If an authorized individual determines that Bob should access to the salary report, a variety of techniques can provide Bob with this ability. One option is to give the identity record 510 of Bob a clearance record 570 with I-IR-3, which would allow him full control of the salary report in the secure file 240 as welt additional authorization on other secure files 240 which include a payload 320 with a security label 336 of HR-3. Another option is to add a rule in the security directive record 410 for SALARY that permits printing by all individuals with a general clearance record 570 of level 4. Yet another option is to add a rule in the security directive record 410 for SALARY that allows anyone in the company with the title of Vice-President or above to print secure files having a security label 336 of SALARY.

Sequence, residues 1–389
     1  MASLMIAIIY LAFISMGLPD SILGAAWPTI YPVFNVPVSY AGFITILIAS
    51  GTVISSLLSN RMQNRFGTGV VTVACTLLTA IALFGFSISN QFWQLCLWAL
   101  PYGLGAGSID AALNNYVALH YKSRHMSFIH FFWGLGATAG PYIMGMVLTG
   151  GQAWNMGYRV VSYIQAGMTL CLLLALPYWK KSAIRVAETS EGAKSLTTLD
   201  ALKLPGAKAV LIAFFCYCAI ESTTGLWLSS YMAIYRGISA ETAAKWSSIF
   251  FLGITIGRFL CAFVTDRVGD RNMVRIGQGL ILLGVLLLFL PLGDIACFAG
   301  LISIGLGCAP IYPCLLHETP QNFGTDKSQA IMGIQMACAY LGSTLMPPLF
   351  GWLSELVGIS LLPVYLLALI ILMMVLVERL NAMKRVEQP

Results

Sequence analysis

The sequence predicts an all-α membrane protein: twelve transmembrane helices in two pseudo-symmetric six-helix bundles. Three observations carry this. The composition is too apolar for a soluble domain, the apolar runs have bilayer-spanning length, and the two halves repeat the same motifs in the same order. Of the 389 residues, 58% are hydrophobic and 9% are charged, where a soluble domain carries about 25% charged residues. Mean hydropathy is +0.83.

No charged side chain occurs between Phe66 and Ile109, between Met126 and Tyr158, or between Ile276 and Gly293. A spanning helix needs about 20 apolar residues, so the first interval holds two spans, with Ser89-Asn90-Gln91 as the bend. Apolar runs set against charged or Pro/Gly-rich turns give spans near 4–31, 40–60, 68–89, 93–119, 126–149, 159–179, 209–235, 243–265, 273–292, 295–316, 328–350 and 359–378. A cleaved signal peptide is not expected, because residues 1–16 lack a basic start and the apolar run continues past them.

If Bob intentionally or unintentionally attempts to forward the secure file 240 with the salary report to a colleague, Joe, at another company, Joe may not receive the secure file 240. For example, the rules 416 of the security directive record 410 for SALARY would likely not allow sharing such information with external entities. If Joe did receive the secure file 240, Joe is unable to access the salary report. If Joe does not have the invention (i.e., enforcement agent 262 and security policy broker 260) running on his information system, the received secure file 240 would be unintelligible to his information system 200. If Joe does have the invention running on his information system 200, it is unlikely that he would have a security level 574 of 4 for a security clearance record 570 from Bob's company. Additionally, a hacker who managed to pilfer the secure file 240 from Alice, Bob, Marie, or Joe would be unable to access the salary report of the secure file without being able to break the encryption and structure of the secure file 240.